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The Dilemma of the Pesach Birthday

It's a rare year when our family doesn't celebrate a birthday during Pesach. When the birthday falls on the first two or last two days of Pesach or on an intermediate Shabbat, we can't light candles. And at no time during the week can we have a traditional birthday cake. So what to do?


So who needs them anyway? But if you've got a small kid, it might be a bigger deal. Try felt candles with removable flames, or some other counting method (pieces of candy, verses of a song, coins, quiz-type questions, yearly memories of the child) that could be fun as well as marking the years.


We have two cake solutions for Pesach birthdays. One was given us many years ago by a woman whose two sons both had April birthdays and who was also faced with a Pesach birthday nearly every year. This Viennese Chocolate Torte is not for the faint-hearted in the kitchen, but it sure is good!

The second cake was first made for us by an Israeli friend who says that this is a common Pesach dessert in Israel. This cake has but three ingredients and is relatively simple to prepare, so here it is:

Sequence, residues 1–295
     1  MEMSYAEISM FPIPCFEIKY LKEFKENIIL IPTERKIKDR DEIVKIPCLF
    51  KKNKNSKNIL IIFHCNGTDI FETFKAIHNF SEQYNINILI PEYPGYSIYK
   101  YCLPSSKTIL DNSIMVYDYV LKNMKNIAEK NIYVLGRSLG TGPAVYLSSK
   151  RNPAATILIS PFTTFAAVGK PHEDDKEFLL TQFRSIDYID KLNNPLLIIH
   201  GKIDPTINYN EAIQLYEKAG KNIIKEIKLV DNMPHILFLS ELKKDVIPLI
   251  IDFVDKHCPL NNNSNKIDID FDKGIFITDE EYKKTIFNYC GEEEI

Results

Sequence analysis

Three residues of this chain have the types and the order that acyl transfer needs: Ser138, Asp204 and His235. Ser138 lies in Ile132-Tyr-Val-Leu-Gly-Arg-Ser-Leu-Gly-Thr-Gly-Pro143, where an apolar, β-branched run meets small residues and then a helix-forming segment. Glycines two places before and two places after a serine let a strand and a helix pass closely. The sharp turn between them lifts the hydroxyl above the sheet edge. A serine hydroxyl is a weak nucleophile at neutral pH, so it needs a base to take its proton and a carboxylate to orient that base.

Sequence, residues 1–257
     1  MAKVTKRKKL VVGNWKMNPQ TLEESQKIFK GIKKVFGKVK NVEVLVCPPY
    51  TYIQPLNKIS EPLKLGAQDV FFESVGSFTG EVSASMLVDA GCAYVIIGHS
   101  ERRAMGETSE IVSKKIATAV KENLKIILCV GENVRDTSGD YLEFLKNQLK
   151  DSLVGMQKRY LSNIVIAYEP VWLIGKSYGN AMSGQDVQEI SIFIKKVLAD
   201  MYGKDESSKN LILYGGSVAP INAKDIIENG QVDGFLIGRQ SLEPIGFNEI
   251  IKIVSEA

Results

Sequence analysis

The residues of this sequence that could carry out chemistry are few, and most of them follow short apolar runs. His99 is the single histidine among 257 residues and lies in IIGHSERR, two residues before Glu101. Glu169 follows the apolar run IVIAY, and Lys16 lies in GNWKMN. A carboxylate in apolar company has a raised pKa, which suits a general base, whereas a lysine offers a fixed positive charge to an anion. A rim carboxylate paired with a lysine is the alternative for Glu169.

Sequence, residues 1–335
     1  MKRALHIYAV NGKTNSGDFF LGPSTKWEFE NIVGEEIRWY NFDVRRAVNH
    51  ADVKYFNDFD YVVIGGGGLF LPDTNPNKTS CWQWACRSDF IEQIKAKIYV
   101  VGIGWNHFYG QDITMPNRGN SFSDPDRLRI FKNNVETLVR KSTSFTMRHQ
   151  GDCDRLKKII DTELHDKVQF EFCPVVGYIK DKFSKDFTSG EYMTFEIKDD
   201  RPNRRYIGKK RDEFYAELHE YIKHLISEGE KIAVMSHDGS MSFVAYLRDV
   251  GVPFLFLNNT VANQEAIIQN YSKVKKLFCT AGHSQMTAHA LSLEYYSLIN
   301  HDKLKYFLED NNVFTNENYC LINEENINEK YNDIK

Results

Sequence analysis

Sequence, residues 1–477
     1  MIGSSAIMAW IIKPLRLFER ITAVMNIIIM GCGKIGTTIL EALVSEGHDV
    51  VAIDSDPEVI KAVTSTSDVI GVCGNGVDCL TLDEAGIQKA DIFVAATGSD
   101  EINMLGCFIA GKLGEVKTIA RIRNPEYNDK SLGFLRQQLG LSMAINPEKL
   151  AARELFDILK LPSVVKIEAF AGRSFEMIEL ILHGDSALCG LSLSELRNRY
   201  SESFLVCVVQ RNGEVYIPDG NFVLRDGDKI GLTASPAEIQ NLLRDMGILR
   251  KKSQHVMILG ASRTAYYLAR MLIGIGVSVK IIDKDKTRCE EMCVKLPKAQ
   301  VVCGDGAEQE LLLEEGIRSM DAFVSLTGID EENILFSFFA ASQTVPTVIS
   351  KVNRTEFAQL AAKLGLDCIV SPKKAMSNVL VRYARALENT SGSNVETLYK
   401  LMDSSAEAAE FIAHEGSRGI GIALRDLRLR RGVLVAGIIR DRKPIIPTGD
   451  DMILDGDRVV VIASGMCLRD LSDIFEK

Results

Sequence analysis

Eldad's Pesach Cake

For this cake, you need whole pieces of matzoh, dark chocolate (chips or bars), and wine. (Sounds good already, doesn't it?)

Melt the chocolate gently in the microwave or double-boiler. While that's going on, soak the matzoh in wine. (I've never tried it this way, but I'm sure grape juice would work just as well as wine and should probably be used if the cake is for young children.)

To assemble the cake, place a wine-soaked matzoh on a plate, spread chocolate all over the matzoh, top with another wine-soaked matzoh, spread more chocolate on the top matzoh, and so on. You can make as many layers as you like.

This is incredibly good, especially after it sits for a day or two.